OpinionMiddle East

Israel Hayom

End of an era for U.S. policy on the Israel-Palestinian conflict

While the Trump administration is busy consolidating a regional peace plan, Palestinian Authority leader Mahmoud Abbas is losing whatever cards he has left to play.

U.S. President Donald Trump and Palestinian Authority leader Mahmoud Abbas at the White House on May 3, 2017. Credit: White House/Shealah Craighead.
U.S. President Donald Trump and Palestinian Authority leader Mahmoud Abbas at the White House on May 3, 2017. Credit: White House/Shealah Craighead.
(Israeli American Council)
Reuven Berko
Dr. Reuven Berko was the adviser on Arab affairs to the Jerusalem district police and a writer for Israel Hayom.

In an interview with Palestinian newspaper Al-Quds on Sunday, senior White House adviser Jared Kushner made it clear that the Americans intend to push forward with their long-awaited peace plan with or without the Palestinian Authority. Kushner emphasized the need for the Palestinian people to foster a dynamic that would steer their leadership towards a solution that will bring them economic prosperity and respect the dignity of the Palestinians.

Kushner explained that in light of the recent deadlock in peace efforts in recent years, the Americans were now offering the Palestinians a groundbreaking regional economic framework to be based upon the provision of incentives to Arab states, primarily Jordan and Egypt, which are near bankruptcy. These countries will, in turn, influence the Palestinian economy and contribute to the consolidation of a policy on the path to a regional solution.

Kushner called on the Palestinian masses to pressure their leadership to end the deadlock and act against terrorism. He emphasized that Al-Aqsa mosque on the Temple Mount would be open to believers of all religions; in other words, it will remain under Israeli sovereignty. Kushner promised the U.S. administration would present solutions that respected the dignity of the Palestinian people and would be acceptable to the rest of the Arab world.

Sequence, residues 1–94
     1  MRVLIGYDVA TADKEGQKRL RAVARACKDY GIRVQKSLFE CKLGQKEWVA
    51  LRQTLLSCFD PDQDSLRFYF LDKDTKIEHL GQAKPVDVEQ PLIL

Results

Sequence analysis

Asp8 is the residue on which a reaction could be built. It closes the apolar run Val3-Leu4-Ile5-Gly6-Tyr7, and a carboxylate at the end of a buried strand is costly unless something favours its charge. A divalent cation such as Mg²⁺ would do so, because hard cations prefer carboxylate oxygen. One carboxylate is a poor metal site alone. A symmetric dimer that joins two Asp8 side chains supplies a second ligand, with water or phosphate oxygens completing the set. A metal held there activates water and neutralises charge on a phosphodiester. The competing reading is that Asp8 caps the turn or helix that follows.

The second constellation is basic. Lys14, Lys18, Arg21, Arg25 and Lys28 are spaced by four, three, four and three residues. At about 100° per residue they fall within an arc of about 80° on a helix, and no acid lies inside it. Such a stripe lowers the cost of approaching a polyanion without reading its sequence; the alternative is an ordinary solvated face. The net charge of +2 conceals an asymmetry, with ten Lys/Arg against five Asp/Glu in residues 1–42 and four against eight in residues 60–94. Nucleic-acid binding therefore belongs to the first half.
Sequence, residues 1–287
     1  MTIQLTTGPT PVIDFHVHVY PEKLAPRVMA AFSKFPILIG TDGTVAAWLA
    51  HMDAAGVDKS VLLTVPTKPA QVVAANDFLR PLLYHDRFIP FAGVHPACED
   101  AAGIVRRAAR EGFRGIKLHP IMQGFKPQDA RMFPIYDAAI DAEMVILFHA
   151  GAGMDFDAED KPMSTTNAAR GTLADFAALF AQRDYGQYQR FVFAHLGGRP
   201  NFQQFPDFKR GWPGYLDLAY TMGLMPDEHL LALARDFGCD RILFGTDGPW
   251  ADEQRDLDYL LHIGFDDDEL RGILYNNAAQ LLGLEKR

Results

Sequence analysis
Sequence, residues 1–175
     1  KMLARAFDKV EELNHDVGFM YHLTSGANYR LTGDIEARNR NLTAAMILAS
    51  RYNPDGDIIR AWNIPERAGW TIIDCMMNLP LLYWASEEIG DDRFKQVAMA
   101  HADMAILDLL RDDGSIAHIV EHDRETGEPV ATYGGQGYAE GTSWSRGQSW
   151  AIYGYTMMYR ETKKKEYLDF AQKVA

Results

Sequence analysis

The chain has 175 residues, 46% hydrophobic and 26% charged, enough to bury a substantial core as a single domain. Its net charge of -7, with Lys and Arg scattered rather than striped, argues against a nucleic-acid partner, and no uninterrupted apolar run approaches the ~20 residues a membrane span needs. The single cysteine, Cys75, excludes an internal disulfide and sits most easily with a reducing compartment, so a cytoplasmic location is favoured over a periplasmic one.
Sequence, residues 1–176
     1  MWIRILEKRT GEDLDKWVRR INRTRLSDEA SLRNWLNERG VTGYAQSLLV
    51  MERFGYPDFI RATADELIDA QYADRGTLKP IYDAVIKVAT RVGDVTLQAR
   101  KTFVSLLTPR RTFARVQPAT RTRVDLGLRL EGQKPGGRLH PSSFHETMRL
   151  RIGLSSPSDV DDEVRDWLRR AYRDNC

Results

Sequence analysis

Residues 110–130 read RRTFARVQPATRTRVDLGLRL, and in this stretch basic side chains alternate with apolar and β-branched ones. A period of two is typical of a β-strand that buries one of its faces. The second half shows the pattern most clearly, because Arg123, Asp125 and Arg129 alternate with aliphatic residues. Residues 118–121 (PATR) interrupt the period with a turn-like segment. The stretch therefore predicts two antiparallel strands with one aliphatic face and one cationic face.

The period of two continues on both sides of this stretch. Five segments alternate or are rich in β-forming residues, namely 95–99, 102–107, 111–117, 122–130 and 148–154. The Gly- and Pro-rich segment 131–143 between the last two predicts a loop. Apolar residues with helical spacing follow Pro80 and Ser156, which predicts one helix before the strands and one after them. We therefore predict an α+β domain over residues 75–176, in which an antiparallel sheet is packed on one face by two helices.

The framework he presented in the interview is based on a cross-border economic and technological vision of areas of influence on a future Palestinian state, in conjunction with an Israel with secure borders and economic incentives courtesy of Uncle Sam.

According to this rudimentary framework, which does not require the cooperation of the current Palestinian leadership for its implementation, the Gazan periphery will be managed in the same way that it was until 1967, with an Egyptian economic orientation and the isolation of Hamas in the hope of removing the terrorist group from power. The Palestinian-controlled territories inside Judea and Samaria, on the other hand, would be managed according to common Palestinian-Jordanian economic interests.

In their love affair with Abbas, the administration of former U.S. President Barack Obama and European Union foreign-policy chief Federica Mogherini promised the Palestinian leader the earth at Israel’s expense, and only led the P.A. to harden its positions. At the United Nations, countless condemnations of Israel gave the P.A. reason to celebrate, fostering allusions Israel would succumb to international pressure any minute now and cede its security and national assets.

But the White House has a new president—one who is not easily given to Palestinian manipulation. And at the United Nations, the U.S. envoy sides with Israel.

There is also change in Europe: E.U. states are on the brink of bankruptcy and subject to an influx of Islamic immigration, and they are putting less pressure on Israel. The Arab states and former enemies of Israel that survived the Sunni Arab Spring awoke to a nightmare of a nuclear Shi—ite Iran. They now see in Israel and the U.S. strategic partners for the defense of the region.

While the Trump administration is busy consolidating a regional peace plan, Abbas is losing whatever cards he has left to play. When it comes to the fictitious Palestinian narrative, the cat has been let out of the bag, and the policy of attrition and rejectionism, along with the justification of terrorism as “legitimate resistance,” has come crashing down.

Abbas’s last meeting with Trump, in which the U.S. president angrily accused him of lying about his commitment to peace, and Kushner’s interview with Al-Quds are a slap in the face to the Palestinians. This is not how you build a state.

Dr. Reuven Berko was the adviser on Arab affairs to the Jerusalem district police and a writer for Israel Hayom.

The opinions and facts presented in this article are those of the author, and neither JNS nor its partners assume any responsibility for them.
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